leading up a hill. A pleasant little house stood at the crest, and an
old man and his wife met the couple at the door. They were in
nightclothes and were obviously about to turn in, but they welcomed the
travelers and offered them a room. The old woman bustled about making
tea and offering freshly-baked cakes. Then the travelers were shown to
their room. The husband wanted to pay the old couple for their lodgings,
but the old lady shook her head and the old man refused any payment for
such a small service to their fellow New Yorkers. The travelers
awoke early and tiptoed out of the house, leaving a shiny fifty-cent
coin in the center of the kitchen table where the old couple could not
miss it. The husband hitched up the horse and they went a few miles
before they broke their fast at a little restaurant in Spiegletown. The
husband mention the nice old couple to the owner of the restaurant and
the man turned pale. "Where did you say that house was?" he asked. The
husband described the location in detail. "You
must be mistaken," said the restaurant owner. "That house was destroyed
three years ago by a fire that killed the Brown family." "I don't
believe it," the husband said flatly. "Mr. and Mrs. Brown were alive and
well last night." After
debating for a few more minutes, the couple and the restaurant owner
drove the carriage back out of town towards the old Brown place. They
turned into the lane, which was overgrown with weeds, and climbed the
hill to the crest. There they found a burned out shell of a house that
had obviously not sheltered anyone for a long time. "I must have
missed the track," said the husband. And then his wife gave a terrified
scream and fainted into his arms. As he caught her, the husband looked
into the ruin and saw a burnt table with a shiny fifty-cent piece lying
in the center.


by with a short tale to end the day...Have a wonderful evening on your
end dear friend...


10/17/2018 11:46:38



by with another great classic...Have a great day dear

10/16/2018 21:29:21



It was one a.m. and Guy
Halverson sat in his dark living room. He hadn't
moved for over an hour. The accident earlier that evening kept playing
over and over in his mind. The light turned red, but he was in a hurry
and accelerated. An orange blur came from his right, and in a split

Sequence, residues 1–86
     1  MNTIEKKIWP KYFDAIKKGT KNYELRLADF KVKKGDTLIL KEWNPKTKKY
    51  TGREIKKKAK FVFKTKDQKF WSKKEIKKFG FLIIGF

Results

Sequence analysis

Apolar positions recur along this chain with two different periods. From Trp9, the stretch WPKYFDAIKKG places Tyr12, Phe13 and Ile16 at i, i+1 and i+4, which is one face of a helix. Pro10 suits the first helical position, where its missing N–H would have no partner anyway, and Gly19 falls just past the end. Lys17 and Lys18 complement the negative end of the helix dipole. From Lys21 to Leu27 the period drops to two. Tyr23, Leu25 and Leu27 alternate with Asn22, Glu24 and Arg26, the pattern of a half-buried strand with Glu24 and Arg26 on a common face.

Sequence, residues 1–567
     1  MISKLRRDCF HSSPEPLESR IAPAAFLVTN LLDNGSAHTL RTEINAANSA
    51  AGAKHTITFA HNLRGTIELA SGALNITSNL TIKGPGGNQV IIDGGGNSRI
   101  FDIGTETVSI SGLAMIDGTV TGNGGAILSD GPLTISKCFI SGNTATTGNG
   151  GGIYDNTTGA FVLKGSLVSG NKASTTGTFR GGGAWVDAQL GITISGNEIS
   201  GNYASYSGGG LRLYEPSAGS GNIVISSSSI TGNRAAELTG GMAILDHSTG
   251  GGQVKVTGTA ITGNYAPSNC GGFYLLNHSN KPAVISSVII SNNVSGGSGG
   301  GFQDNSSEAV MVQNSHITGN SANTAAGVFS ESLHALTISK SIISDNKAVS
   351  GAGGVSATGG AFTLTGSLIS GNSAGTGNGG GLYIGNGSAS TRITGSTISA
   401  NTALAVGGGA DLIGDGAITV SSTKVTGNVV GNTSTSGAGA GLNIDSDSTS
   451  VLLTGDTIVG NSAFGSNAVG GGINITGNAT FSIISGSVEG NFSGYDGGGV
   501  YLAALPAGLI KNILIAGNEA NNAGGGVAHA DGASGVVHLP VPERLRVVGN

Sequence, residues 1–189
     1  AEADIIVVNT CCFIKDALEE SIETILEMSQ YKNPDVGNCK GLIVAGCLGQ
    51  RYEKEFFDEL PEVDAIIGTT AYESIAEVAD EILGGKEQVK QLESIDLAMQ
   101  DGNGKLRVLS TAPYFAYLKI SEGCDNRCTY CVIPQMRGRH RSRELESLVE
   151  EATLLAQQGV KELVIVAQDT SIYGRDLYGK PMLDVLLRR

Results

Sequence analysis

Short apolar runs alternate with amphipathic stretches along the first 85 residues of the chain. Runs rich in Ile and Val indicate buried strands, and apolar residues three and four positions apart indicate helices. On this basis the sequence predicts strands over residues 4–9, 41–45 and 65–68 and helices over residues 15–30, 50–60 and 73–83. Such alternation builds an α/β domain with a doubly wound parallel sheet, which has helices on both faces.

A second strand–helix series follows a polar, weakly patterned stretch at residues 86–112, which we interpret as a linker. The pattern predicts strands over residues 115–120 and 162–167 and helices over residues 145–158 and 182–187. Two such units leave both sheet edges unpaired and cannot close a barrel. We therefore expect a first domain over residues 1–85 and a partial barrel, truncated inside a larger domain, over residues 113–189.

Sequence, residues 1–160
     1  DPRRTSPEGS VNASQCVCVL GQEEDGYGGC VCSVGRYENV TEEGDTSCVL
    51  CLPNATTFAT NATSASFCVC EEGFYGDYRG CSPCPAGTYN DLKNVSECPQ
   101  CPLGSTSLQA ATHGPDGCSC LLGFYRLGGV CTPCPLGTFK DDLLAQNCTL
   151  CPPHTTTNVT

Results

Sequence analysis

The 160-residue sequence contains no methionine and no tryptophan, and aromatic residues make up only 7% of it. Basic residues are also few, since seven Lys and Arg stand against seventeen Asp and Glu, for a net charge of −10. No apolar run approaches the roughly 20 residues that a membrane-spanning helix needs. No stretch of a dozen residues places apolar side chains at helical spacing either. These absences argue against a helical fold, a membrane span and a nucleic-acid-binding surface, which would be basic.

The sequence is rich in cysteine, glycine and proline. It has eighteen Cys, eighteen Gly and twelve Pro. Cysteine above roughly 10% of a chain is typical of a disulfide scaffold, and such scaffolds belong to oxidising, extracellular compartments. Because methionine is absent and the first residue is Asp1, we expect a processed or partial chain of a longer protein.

second there was a violent jolt, then the bicyclist rolled across his
hood and fell out of sight on the pavement. Horns blared angrily and he
panicked, stepping on the gas and screeching away from the chaos into
the darkness, shaken and keeping an eye on his rearview mirror until he
got home.Why did you run, you idiot? He'd never committed a crime before
this and punished himself by imagining years in jail, his career gone,
his family gone, his future gone.Why not just go to the police right
now? You can afford a lawyer.Then someone tapped on the front door and
his world suddenly crumbled away beneath him. They found me. There was
nothing he could do but answer it. Running would only make matters
worse. His body trembling, he got up, went to the door and opened it. A
police officer stood under the porch light."Mr. Halverson?" asked the
grim officer.He let out a defeated sigh. "Yes. Let me —"I am terribly
sorry, but I'm afraid I have some bad news. Your son's bike was struck
by a hit and run driver this evening. He died at the scene. I'm very
sorry for your loss.


bit of a twisted tale tonight...Be careful out there on your end


10/16/2018 15:55:09


10/15/2018 20:37:42








Good night & sweet dreams dear friend...

10/15/2018 11:08:58


no Reason to be Afraid

When my sister
Betsy and I were kids, our family lived for awhile in a
charming old farmhouse. We loved exploring its dusty corners and
climbing the apple tree in the backyard. But our favorite thing was the
ghost.We called her Mother, because she seemed so kind and nurturing.
Some mornings Betsy and I would wake up, and on each of our nightstands,
we'd find a cup that hadn't been there the night before. Mother had
left them there, worried that we'd get thirsty during the night. She
just wanted to take care of us.Among the house's original furnishings
was an antique wooden chair, which we kept against the back wall of the
living room. Whenever we were preoccupied, watching TV or playing a
game, Mother would inch that chair forward, across the room, toward us.
Sometimes she'd manage to move it all the way to the center of the room.
We always felt sad putting it back against the wall. Mother just wanted
to be near us.Years later, long after we'd moved out, I found an old
newspaper article about the farmhouse's original occupant, a widow.
She'd murdered her two children by giving them each a cup of poisoned
milk before bed. Then she'd hanged herself.The article included a photo
of the farmhouse's living room, with a woman's body hanging from a beam.
Beneath her, knocked over, was that old wooden chair, placed exactly in
the center of the room.


morning friend...Stoppin' by with a tale to start off your